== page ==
This time we also had a dog with a shoulder injury, a handsome Boxer. He came in to the group slightly off kilter but at the end, after 3 hours massage, he stood up perfectly in balance. Everything was in the right place. This was a great testimonial how knowing what and how to massage can really make some huge benefits in a relatively short time.
Our first session was held in February to a full house where we received some lovely feedback :
“Canine Massage. I attended a lovely workshop yesterday run by Dr Les Ellam and hosted by Paws, Play and Stay in Rustington. I thoroughly enjoyed learning eight different massage techniques and Brandie responded well to helping me learn what she liked and when she’d had enough of a particular move. Les explained how massage can support dogs in many ways including behaviour, fear and relaxation as well as the physical benefits and also how it can improve the bond between dogs and owners. I liked that Les made it clear that we need to observe our dogs to take our cues from them as to whether to massage, when to stop and when our dogs are preferring certain moves.”
“Thank you so much for yesterday. Brandie really benefitted from the workshop, she was very sleepy for the rest of the day and was snoring her head off from the minute we got back in the door for several hours, she woke up for her dinner and then slept solidly for the rest of the evening.”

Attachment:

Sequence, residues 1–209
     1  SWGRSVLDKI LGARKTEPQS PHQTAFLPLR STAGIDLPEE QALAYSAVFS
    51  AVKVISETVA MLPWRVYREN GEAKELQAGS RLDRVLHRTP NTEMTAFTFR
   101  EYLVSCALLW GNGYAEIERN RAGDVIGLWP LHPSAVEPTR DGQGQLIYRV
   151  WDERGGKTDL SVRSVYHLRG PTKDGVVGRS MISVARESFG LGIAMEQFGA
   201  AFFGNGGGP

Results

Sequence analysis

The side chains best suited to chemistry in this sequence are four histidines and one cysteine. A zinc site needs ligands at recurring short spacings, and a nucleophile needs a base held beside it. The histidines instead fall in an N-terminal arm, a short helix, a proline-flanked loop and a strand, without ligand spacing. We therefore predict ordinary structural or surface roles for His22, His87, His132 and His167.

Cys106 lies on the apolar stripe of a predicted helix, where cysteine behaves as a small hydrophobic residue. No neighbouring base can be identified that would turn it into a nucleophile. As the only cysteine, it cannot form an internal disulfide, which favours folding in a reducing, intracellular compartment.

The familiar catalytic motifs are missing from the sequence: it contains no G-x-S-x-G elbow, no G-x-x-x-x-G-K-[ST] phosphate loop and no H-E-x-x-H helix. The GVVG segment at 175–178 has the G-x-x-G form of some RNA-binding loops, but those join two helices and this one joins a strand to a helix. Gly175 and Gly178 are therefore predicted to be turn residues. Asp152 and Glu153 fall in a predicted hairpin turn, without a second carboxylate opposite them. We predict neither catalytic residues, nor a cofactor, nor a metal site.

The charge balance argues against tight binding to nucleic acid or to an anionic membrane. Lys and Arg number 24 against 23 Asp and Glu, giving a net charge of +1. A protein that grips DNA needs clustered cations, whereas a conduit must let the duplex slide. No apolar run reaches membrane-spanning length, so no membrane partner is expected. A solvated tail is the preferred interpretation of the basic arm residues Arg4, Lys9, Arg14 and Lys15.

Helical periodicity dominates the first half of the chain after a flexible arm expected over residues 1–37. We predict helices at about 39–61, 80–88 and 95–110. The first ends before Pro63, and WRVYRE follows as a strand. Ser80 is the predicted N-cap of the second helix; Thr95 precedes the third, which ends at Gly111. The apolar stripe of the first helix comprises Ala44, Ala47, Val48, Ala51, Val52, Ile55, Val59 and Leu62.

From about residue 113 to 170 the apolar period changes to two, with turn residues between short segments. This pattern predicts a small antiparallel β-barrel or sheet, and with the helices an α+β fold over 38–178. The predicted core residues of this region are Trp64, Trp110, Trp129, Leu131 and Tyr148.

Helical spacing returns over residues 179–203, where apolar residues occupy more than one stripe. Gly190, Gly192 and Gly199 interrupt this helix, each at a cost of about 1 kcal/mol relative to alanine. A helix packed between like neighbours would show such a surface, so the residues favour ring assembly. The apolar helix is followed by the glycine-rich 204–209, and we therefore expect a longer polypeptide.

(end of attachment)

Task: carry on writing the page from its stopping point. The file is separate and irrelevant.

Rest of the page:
“Listening to our dogs needs and observing their behaviours. I had planned at least 48 hours of duvet time for Brandie after her Canine Massage workshop with Les Ellam from Achy Paws on Saturday. Observing Brandies behaviour, energy levels and coat, she had more energy and looked ‘lighter’ in herself. I offered Brandie an opportunity to go for a walk and she appeared keen but not over excited. Brandie is a dog that tends to take life rather seriously. We had a short drive and she enjoyed a wonderful short walk in the sunshine. She made thorough use of her wonderful nose, checking out the scent of Deer, Rabbit and Fox and interestingly, chose to walk up and down very small undulations where she had the option of walking on a flat surface. Dogs have an innate ability to self heal and I suspect she was using the terrain to use certain muscles and get some subtle stretches of her back and muscles. It was interesting to observe. We pottered back to the car and when home she slept solidly for hours. This morning her coat is looking shinier and there is very little shedding. Which is just as well as she’s enjoying her duvet time under my duvet!”
“Thank you for such an informative and fun session. I learnt so much and will certainly put it all into practice. Gracie certainly enjoyed it, especially the cheese! Gracie is certainly one in a million and she settled into it so quickly, was a pleasure to see her enjoying it. Thanks again!”
“Thank you for the massage course yesterday, We all enjoyed it, Skye and I certainly did! She keeps coming over to me to ask for more. I look forward to your next course, I might try our other dog next time!”